The first phase involves recording the user's speech and delivering the audio recording and an application grammar to an SR engine, which converts the speech in the audio recording to text as described earlier. The route through which the audio and grammar are delivered to the speech recognition engine differs slightly depending on the client that calls the speech application. In a Telephony Scenario and in a Windows Mobile-based Pocket PC 2003 (Pocket PC) Multimodal Scenario, the audio and grammar are sent to the Speech Engine Services (SES) component of Microsoft Speech Server (MSS). SES loads the application grammar, and then sends the audio and grammar to the Speech API (SAPI). SAPI parses the grammar into the appropriate rules, properties and phrases, and passes the parsed grammar and audio to an available SR engine, which performs the actual recognition work. In a Desktop Multimodal Scenario, the Speech Add-in for Microsoft Internet Explorer (Speech Add-in) loads the grammar, and then instantiates a shared SAPI SR engine. The Speech Add-in passes the grammar and audio to SAPI, SAPI parses the grammar, and passes the parsed grammar and audio to the SR engine, which then performs the recognition.
The second phase involves semantic analysis of the resulting recognition text in order to determine its meaning. The recognizer iteratively compares the recognition text to the rules in the application's grammar. When the recognizer matches recognized text to a series of rules in a grammar, the recognizer produces an XML output stream, using Semantic Markup Language (SML), to represent semantic output. The semantic output contains recognition confidence values, recognized text, and can also contain semantic values that the developer assigns using semantic interpretation markup. Developers use the information in the SML output to infer the meaning of what the user said.
A Simple Example Grammar
The following grammar is a simple English-language grammar for vehicle trading. The root rule, called ruleVTrade, defines the structure of the sentence or phrase that can be recognized using this grammar. It defines optional words and phrases like "I want" and "please," and references two other grammar rules. The first referenced rule is called ruleAction, and it accepts words like "buy" and "sell." The second rule, ruleVehicle, accepts the words "car," "auto" and "truck."
<grammar root="ruleVTrade" version="1.0" xmlns="http://www.w3.org/2001/06/grammar" xml:lang="en-US" tag-format="semantics-ms/1.0"> <rule id="ruleVTrade" scope="public"> <item repeat="0-1"> I want to </item> <item repeat="0-1"> I would like to </item> <item repeat="0-1"> <ruleref uri="#ruleAction"/> <tag> $.Action = $$ </tag> </item> <item repeat="0-1"> a </item> <item repeat="0-1"> an </item> <item repeat="0-1"> <ruleref uri="#ruleVehicle" /> <tag> $.Vehicle = $$ </tag> </item> <item repeat="0-1"> please </item> </rule> <rule id="ruleAction"> <one-of> <item> buy <tag> $._value = "BUY" </tag> </item> <item> sell <tag> $._value = "SELL" </tag> </item> </one-of> </rule> <rule id="ruleVehicle"> <one-of> <item> car <tag> $._value = "AUTO" </tag> </item> <item> auto <tag> $._value = "AUTO" </tag> </item> <item> truck <tag> $._value = "TRUCK" </tag> </item> </one-of> </rule> </grammar>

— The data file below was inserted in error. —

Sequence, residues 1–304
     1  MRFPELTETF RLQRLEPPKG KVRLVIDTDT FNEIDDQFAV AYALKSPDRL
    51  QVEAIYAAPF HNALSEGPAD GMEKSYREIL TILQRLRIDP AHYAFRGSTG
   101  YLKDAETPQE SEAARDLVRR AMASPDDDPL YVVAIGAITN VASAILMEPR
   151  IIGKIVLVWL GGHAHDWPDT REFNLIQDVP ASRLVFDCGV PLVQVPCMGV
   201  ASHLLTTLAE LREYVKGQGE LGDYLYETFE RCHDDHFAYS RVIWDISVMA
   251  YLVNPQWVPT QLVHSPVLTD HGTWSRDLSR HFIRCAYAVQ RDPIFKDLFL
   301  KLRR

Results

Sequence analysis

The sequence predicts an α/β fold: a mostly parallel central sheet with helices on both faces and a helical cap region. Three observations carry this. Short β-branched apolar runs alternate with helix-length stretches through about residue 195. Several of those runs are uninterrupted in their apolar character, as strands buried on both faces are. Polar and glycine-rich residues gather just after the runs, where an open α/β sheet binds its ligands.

SML Recognition Results
The following code blocks illustrate the results from the successful recognition of the phrases "I want to buy a truck" and "Sell a car" when using the preceding grammar. The recognizer uses the information generated by the root rule to create the top-level SML node. Each rule that is contained by the root rule, and that the recognizer matches to the user's speech, produces an XML node in the Semantic Markup Language (SML) output.
<SML confidence="0.769" text="I want to buy a truck" utteranceConfidence="0.769"> <Action confidence="0.873">BUY</Action> <Vehicle confidence="0.876">TRUCK</Vehicle> </SML> <SML confidence="0.802" text="sell a car" utteranceConfidence="0.802"> <Action confidence="0.872">SELL</Action> <Vehicle confidence="0.889">AUTO</Vehicle> </SML>
Note In the preceding grammar, the ruleVehicle returns the semantic value AUTO when the user says either auto or car.
Valuable Features that Speech Recognition Adds to Applications
Using speech recognition technology, developers can produce applications that feature:
- Hands-free computing, either as an alternative to the keyboard, or to enable users to use the application in environments where a keyboard is impractical (as with small mobile devices, AutoPCs, or mobile phones).